Shareholder’s Participation Rights
The Independent Proxy is elected by the General Meeting of shareholders for a term of office until completion of the next ordinary General Meeting of shareholders.
Voting right restrictions, statutory group clauses and exception rules
There are no voting right restrictions and no statutory group clauses (other than the limitations on nominee registrations). Therefore, there are no procedures or conditions for cancelling restrictions and no rules on making exceptions to them. Accordingly, no such exceptions were made in 2015.
Statutory rules on participating in the General Meeting of shareholders
The share whose owner, usufructuary or nominee is entered in the share register as having voting rights on a specific qualifying day determined by the Board of Directors entitles its holder to one vote at the General Meeting of shareholders.
Swiss Re’s Articles of Association allow any shareholder with voting rights to have his or her shares represented at any General Meeting of shareholders by another person authorised in writing or by the Independent Proxy. Such representatives need not be shareholders.
The Independent Proxy is elected by the General Meeting of shareholders for a term of office until completion of the next ordinary General Meeting of shareholders. The Independent Proxy whose term of office has expired is immediately eligible for re-election. The duties of the Independent Proxy are determined by applicable laws, rules and regulations. The General Meeting of shareholders may remove the Independent Proxy with effect as per the end of the General Meeting of shareholders. If the company does not have an Independent Proxy, the Board of Directors shall appoint the Independent Proxy for the next General Meeting of shareholders.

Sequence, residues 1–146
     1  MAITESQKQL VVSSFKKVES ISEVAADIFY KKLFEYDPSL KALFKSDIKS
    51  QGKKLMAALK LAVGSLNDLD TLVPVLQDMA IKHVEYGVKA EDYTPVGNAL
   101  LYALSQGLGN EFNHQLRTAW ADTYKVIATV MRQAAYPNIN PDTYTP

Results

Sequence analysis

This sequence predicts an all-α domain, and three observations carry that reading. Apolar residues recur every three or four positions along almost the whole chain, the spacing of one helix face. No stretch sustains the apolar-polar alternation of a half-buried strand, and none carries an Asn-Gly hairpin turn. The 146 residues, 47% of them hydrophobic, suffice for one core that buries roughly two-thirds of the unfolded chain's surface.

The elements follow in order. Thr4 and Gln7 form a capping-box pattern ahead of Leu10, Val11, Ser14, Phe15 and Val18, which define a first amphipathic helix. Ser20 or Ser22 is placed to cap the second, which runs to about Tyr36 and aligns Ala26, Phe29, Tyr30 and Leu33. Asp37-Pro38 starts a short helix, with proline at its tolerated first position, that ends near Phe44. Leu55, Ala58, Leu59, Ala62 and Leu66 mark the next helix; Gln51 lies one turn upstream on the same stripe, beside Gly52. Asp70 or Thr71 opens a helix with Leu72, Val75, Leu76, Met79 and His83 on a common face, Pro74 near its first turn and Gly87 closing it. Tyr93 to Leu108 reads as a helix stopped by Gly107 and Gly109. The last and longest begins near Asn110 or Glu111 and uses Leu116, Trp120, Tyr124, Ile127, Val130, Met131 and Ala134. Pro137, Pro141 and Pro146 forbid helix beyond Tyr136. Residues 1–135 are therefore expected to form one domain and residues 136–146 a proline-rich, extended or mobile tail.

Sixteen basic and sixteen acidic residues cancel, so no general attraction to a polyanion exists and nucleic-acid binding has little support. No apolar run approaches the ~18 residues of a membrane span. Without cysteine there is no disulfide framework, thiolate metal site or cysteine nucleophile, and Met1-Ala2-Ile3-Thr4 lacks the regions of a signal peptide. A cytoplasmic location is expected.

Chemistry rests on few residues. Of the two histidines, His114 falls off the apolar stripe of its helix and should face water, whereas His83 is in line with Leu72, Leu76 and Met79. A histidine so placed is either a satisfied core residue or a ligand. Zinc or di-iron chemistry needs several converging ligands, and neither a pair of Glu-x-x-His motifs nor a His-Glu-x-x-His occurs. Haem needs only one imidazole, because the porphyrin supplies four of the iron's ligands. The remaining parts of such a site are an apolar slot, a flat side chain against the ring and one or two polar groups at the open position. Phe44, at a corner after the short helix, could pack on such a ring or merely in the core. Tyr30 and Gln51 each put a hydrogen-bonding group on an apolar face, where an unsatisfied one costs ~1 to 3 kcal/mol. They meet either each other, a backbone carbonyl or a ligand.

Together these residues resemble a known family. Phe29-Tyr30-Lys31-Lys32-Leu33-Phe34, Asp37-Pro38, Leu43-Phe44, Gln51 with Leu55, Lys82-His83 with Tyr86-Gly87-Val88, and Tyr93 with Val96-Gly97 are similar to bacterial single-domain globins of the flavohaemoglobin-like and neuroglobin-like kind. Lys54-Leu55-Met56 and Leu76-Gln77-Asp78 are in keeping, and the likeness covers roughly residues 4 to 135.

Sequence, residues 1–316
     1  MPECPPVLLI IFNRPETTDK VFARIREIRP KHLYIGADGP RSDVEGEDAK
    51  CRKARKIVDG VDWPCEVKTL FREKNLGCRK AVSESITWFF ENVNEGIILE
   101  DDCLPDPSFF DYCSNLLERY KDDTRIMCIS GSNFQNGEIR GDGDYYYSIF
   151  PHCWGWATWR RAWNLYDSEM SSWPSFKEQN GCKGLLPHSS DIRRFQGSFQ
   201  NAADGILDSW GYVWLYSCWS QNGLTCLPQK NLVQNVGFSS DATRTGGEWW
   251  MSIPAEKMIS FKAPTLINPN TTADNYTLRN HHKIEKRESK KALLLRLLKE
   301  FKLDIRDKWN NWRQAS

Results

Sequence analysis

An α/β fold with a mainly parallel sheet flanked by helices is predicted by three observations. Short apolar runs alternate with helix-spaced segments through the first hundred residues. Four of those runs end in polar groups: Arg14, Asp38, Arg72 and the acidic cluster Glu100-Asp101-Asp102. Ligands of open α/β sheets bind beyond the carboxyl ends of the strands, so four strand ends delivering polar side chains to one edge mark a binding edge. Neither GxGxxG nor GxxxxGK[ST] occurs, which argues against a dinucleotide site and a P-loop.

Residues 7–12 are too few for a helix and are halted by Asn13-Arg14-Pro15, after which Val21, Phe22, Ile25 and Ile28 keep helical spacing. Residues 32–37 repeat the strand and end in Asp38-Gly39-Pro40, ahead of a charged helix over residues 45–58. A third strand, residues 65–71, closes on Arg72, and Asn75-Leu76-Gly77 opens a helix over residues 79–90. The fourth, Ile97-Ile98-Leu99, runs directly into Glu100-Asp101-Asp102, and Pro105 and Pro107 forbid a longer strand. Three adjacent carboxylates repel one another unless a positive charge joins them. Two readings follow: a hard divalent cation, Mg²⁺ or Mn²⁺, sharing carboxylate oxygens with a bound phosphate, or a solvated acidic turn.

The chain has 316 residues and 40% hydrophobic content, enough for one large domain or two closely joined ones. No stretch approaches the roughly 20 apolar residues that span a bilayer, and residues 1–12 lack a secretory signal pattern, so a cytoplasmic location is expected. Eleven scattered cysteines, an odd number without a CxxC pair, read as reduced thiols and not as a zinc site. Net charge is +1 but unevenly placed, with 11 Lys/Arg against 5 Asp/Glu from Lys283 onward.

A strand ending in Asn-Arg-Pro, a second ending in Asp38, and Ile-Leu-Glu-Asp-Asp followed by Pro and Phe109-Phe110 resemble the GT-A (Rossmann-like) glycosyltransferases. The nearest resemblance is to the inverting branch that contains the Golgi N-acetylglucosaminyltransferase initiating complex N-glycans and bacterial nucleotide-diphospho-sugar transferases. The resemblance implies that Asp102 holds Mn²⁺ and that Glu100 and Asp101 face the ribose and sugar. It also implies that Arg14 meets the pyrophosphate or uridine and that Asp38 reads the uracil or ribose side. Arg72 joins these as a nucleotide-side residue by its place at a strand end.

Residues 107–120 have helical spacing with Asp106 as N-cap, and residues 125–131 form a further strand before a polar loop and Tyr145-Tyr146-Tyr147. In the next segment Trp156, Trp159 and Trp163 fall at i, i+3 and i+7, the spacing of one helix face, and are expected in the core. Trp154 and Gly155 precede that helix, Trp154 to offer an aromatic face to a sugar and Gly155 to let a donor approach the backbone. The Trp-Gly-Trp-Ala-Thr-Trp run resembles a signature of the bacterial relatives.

Business firms, partnerships and corporate bodies may be represented by legal or authorised representatives or other proxies, married persons by their spouses, minors and wards by their guardians, even though such representatives are not shareholders.
The General Meeting of shareholders may pass resolutions regardless of the number of shareholders present or shares represented by proxy. Resolutions pass by an absolute majority of votes validly cast (excluding blank and invalid ballots), except where the law requires otherwise.
The Chairman of the General Meeting of shareholders determines the voting procedure. Provided that the voting is not done electronically, voting shall take place openly on show of hands or by written ballot.
Convocation of the General Meeting of shareholders
In accordance with Swiss Re Ltd’s Articles of Association, the Board of Directors convenes the General Meeting of shareholders through a notice published in the Swiss Official Gazette of Commerce at least 20 days before the date of the meeting. The notice must state the day, time and place of the General Meeting of shareholders, along with the agenda and proposals, which will be submitted by the Board of Directors.
Extraordinary General Meetings of shareholders may be called by a resolution of the General Meeting of shareholders or the Board of Directors, or by one or more shareholders with voting powers whose combined holdings represent at least 10% of the share capital.
The Board of Directors announces the agenda for the General Meeting of shareholders. Shareholders with voting power whose combined holdings represent shares with a nominal value of at least CHF 100 000 may, no later than 45 days before the date of the meeting, request that further matters be included in the agenda. Such requests must be in writing and must specify the items and the proposals to be submitted.
Registrations in the share register
In recent years, Swiss Re has recognised the voting rights of shares registered no later than two working days before the General Meeting of shareholders.